“In the camps, first at Tanforan and then at Topaz in Utah, I had the opportunity to
study the human race from the cradle to the grave, and to see what happens to people
when reduced to one status and condition. Cameras and photographs were not permitted
in the camps, so I recorded everything in sketches, drawings, and paintings."
-Miné Okubo, Citizen 13660
Japanese American artist Miné Okubo was an extraordinary woman who played a significant
role in documenting the mid-20th century history of Japanese Americans in the United
States. Her artwork and her outspoken commentary on social justice issues, particularly
relating to the incarceration of Japanese Americans during World War II, brought her
to the attention of a larger segment of the American public.
Miné Okubo (1912-2001) was born in Riverside, CA into a family of artists. Her mother,
Miyo, was a calligrapher and painter. Her uncle was a painter who found inspiration
in French impressionism and post impressionism and chose to spend much time in Paris
as he could. Two of her siblings became artists, too. The Okubo collection includes
more than 8,000 pieces of art work, professional and personal papers, and memorabilia
that Okubo accumulated during the 50+ years she lived in the Greenwich Village area
of New York City.
Okubo graduated in 1933 from Riverside City College and transferred to the University
of California, Berkeley where she earned a degree in Fine Arts. Okubo gained recognition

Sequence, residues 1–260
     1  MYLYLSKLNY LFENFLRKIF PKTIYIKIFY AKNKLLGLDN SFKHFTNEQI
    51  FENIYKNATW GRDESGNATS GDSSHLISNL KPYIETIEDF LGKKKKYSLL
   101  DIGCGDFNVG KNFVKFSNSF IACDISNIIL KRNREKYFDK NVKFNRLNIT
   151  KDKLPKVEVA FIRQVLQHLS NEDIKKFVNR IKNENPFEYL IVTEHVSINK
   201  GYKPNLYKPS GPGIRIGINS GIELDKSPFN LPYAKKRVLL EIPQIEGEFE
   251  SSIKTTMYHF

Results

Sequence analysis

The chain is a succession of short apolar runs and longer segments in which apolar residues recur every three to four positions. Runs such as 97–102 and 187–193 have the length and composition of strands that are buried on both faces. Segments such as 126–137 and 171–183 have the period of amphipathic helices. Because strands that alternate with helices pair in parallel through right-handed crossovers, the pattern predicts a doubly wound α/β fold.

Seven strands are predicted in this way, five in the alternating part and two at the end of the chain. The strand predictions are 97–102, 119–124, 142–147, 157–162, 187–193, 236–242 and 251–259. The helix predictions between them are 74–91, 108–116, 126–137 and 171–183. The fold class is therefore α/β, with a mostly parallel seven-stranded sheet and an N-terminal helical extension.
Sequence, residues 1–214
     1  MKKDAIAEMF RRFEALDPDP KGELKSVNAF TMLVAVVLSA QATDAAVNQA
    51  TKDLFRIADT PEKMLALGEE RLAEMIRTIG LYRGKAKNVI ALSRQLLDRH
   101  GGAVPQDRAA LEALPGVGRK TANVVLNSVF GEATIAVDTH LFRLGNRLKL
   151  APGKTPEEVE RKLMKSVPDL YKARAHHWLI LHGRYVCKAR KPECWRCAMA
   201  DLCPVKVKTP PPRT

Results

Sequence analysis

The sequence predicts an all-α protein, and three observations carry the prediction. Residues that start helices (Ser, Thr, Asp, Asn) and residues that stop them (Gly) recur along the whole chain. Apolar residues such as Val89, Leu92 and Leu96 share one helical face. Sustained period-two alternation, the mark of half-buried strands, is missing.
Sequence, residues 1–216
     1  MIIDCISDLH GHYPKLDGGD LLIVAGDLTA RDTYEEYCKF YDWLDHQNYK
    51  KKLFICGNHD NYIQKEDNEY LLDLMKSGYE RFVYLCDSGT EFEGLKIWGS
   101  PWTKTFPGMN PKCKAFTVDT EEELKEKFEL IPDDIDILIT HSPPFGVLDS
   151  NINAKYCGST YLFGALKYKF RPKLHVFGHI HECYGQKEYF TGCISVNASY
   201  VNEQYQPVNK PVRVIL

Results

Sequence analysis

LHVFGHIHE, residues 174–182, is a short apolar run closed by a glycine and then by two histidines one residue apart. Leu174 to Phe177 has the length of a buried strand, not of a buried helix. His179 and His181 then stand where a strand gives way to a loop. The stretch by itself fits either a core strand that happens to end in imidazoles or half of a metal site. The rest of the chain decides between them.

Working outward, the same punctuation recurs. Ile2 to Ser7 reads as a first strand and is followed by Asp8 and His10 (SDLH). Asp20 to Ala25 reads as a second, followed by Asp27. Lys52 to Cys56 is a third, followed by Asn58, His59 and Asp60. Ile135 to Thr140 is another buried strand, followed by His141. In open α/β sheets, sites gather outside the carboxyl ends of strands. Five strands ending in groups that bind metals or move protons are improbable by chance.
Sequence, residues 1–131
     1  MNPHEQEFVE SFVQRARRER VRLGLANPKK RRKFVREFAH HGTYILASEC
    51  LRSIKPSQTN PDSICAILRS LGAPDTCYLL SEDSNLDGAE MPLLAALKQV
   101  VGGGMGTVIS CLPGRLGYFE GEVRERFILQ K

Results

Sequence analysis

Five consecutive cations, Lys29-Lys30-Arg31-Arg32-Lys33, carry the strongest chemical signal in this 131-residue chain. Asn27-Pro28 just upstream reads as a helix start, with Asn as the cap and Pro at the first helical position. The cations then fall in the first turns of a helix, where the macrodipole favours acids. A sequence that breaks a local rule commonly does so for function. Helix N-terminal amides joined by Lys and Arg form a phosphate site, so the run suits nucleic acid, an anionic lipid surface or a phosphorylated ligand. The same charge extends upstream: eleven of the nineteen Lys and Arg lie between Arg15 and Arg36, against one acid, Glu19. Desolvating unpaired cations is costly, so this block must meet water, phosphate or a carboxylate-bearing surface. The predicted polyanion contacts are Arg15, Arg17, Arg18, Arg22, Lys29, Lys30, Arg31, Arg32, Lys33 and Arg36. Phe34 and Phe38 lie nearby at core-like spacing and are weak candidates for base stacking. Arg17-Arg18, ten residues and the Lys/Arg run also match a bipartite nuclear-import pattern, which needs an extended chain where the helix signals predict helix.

as an artist when she was incarcerated with her family—first, in the Tanforan Assembly
Center in San Bruno, CA and then the Topaz Camp in Delta, Utah—during World War II
under President Franklin D. Roosevelt's Executive Order 9066. She emerged as an iconic
figure following the publication of Citizen 13660, the first memoir by a Japanese American incarcerated during the Second World War.
Critics praised the unique, dramatic style of Okubo's ink drawings and sparse writing,
which documented the camp experience.
Following her incarceration, Okubo moved to New York and worked as an illustrator
for Fortune, Time, Life, and The New Yorker. Later, she taught briefly at UC Berkeley.
In 1974, the Riverside Community College District selected Okubo as its Alumnus of
the Year, and 30 years later Riverside City College named a street on campus in her
honor. In the early 1980s, she testified before the Commission on Wartime Relocation
and Internment of Civilians. Among her many accomplishments, in 1987, Okubo was one
of twelve women pioneers in history recognized by the California Department of Education.